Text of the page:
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Elevated is a 1996 Canadian short film directed by Vincenzo Natali and co-written by him and Karen Walton, who also participated in the writing of Ginger Snaps.
A woman, Ellen, takes the elevator from her workplace on floor 38, and presses the button to head for the parking garage. A burly workman named Ben gets on several floors below. His silent behavior creeps out Ellen, who intently stares at the lift display hoping for the ride to end. At floor 4, the lift opens but both find nobody outside. As the elevator is about to close, a man shouts for them to let him in and Ellen manages to press the button in time to allow him into the elevator. The panic-stricken man, whose name is Hank, is a security guard in the building. He desperately uses his security card to override the controls and take the elevator back up. Ellen and Ben protest at what Hank is doing but are stunned to see Hank's shirt covered in blood.
Visibly shaken, Hank quickly explains that something outside (which he claims looks like an alien) is killing people and was about to get him. Ben disbelieves the guard's story and attempts to send the elevator back down but finds that he can't control it. Hank reveals he used the card and Ben angrily tries to grab it from him, but is repelled back when Hank takes out a spring-assisted knife to defend himself. Eventually, Ben restrains Hank while Ellen tries to call the lift telephone for help, to no avail. The elevator rocks and the lights go out, causing the three to stop. Ben reveals he has claustrophobia and uses Hank's knife to open the elevator panel and fiddle with the controls in order to operate the lift, but Hank stops him. Ben then tries to get the lift ceiling hatch open, but Hank stops him and tells him and Ellen that the monsters outside will get in and kill all of them. The lift becomes operational once again and Ellen manages to wrestle the card away from the men and use it to send the elevator down to the garage. Ben, desperate to be out of the lift, presses the button for floor 39.
As the trio watch, the elevator doors open but there is no sign of any monster/alien outside. Ben steps out and invites Ellen to join him in leaving the building via the stairs. Ellen initially accepts but becomes fearful of Ben when she sees Hank's knife in his pocket. She dashes right back into the elevator before Ben can stop her. While the lift goes down, Hank presses the stop button to halt the elevator and Ellen becomes panicked, saying that she wants to go down. Before they can argue, someone attempts to open the lift hatch. Hank keeps the hatch shut while instructing Ellen to send the elevator to floor 44. This causes the thing outside to stop its attempt to enter, but dents the hatch. Before the two can react, they're startled by Ben's mutilated corpse which comes tumbling down into the elevator.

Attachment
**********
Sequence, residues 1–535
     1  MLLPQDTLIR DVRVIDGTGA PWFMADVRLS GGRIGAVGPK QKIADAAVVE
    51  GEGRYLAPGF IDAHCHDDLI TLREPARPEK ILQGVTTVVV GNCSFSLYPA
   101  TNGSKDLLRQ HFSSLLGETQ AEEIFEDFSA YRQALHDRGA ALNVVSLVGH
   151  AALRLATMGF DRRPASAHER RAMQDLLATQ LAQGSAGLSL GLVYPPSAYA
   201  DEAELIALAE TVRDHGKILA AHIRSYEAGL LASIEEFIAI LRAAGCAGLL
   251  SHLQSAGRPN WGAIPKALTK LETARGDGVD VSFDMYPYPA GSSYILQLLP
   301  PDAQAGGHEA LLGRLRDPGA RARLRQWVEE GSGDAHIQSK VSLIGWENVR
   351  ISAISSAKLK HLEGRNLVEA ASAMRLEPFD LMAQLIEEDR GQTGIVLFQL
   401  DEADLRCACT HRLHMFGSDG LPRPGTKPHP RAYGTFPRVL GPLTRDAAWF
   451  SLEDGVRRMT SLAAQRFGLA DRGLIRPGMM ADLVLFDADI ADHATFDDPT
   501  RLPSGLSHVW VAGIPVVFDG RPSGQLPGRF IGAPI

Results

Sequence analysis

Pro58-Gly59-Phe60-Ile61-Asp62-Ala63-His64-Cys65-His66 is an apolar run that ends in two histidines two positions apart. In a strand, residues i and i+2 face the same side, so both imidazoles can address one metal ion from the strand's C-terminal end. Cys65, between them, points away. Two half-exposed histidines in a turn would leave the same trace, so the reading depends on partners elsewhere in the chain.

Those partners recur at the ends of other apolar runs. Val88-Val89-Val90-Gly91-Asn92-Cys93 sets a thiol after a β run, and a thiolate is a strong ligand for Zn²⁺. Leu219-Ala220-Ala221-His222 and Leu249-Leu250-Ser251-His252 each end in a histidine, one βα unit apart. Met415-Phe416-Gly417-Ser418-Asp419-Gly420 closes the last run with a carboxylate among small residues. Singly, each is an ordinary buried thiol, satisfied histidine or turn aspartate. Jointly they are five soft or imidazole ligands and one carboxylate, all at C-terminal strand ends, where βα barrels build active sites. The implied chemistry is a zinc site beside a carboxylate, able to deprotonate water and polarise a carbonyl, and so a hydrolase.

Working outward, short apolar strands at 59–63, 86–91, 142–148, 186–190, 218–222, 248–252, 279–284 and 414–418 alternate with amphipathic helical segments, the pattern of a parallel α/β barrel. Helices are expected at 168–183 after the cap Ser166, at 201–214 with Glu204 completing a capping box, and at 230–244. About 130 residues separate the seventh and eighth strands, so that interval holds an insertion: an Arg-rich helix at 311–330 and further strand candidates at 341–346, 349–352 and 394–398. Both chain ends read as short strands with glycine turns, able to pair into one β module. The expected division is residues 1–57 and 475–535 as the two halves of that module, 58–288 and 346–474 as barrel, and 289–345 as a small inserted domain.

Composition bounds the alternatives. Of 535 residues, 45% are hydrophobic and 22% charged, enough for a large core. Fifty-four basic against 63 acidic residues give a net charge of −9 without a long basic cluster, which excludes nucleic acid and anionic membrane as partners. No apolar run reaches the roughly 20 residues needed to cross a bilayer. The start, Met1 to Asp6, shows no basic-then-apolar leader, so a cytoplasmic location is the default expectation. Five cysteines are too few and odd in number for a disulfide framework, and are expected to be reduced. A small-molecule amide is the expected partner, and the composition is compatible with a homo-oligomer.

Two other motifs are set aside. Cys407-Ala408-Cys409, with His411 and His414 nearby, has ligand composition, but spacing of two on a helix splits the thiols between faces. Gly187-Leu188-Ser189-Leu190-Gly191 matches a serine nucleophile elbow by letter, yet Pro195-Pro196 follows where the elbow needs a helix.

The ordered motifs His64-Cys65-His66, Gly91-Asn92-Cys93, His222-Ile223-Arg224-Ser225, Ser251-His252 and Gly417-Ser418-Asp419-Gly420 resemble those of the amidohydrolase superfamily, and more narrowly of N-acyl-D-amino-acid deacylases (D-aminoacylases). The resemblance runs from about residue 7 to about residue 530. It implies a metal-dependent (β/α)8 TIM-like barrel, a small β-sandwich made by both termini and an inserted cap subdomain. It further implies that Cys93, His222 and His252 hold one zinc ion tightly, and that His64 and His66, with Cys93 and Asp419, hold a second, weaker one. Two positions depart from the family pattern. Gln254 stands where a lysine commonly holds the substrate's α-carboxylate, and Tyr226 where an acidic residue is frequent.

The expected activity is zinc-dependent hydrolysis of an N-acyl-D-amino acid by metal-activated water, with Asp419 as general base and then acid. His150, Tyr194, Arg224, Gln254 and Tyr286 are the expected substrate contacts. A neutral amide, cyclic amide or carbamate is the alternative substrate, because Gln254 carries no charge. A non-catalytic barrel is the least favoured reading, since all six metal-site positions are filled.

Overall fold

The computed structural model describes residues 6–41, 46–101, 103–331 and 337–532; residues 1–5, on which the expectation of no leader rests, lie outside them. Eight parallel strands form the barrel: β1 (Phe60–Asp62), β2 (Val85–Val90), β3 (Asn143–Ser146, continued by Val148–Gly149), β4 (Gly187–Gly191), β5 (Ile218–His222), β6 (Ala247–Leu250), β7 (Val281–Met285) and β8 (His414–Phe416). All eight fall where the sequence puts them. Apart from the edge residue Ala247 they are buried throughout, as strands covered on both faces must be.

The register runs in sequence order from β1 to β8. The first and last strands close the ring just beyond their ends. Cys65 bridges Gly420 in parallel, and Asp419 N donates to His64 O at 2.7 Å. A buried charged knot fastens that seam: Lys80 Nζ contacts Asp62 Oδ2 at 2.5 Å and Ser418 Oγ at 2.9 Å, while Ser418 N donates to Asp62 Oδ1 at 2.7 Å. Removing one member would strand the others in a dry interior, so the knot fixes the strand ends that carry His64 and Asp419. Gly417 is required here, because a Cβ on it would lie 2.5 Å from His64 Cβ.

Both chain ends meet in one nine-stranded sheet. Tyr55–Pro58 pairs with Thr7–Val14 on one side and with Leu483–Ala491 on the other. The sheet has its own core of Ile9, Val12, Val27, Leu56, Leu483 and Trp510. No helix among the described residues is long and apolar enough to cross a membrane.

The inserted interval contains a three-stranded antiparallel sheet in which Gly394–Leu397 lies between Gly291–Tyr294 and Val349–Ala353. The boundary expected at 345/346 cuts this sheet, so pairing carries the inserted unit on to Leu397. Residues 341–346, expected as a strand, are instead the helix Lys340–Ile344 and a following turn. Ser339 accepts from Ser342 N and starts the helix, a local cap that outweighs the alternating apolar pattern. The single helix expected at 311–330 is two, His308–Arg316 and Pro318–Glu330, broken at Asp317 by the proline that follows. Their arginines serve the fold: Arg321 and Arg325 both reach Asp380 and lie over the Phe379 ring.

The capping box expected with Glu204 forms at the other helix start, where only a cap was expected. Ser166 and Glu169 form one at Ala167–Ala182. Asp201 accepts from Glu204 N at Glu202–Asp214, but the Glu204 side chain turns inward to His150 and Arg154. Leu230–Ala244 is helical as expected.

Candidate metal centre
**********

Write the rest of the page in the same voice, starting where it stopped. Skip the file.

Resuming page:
Ellen blames Hank for not allowing Ben to enter as she believes he was trying to rescue her. Hank unsuccessfully tries to calm her and the two struggle to gain possession of the security card. They accidentally push the card out the elevator via the hole between the door and the floor. Ellen then uses the knife to open the panel like Ben did earlier. Hank tries again to convince her it's much safer to stay in the lift, but Ellen accidentally stabs the knife into him when she swings it in anger. Stunned by what she has done, she takes the knife out of Hank, but then proceeds to murder him by stabbing him repeatedly. The elevator once again operates and goes to the parking garage.
When the doors open, Ellen drops her knife and faces the garage. She hears voices ahead telling her to hold the elevator open for them, and soon a large group of people run toward her direction shouting and screaming, fleeing from something behind them, implying that what Hank first told Ellen and Ben was true and monsters were indeed attacking. The people squeeze past Ellen as she grins emptily, implying they will be Ellen's next victims instead.David Hewlett as HankVicki Papavs as EllenBruce McFee as Ben
Elevated is distributed by the Canadian Film Centre and is not available on home video, although some DVD releases of Cube feature it as an extra.
Beyond Hollywood compared it to The Twilight Zone and The Outer Limits, calling it "a surprisingly accomplished piece of suspenseful fiction".
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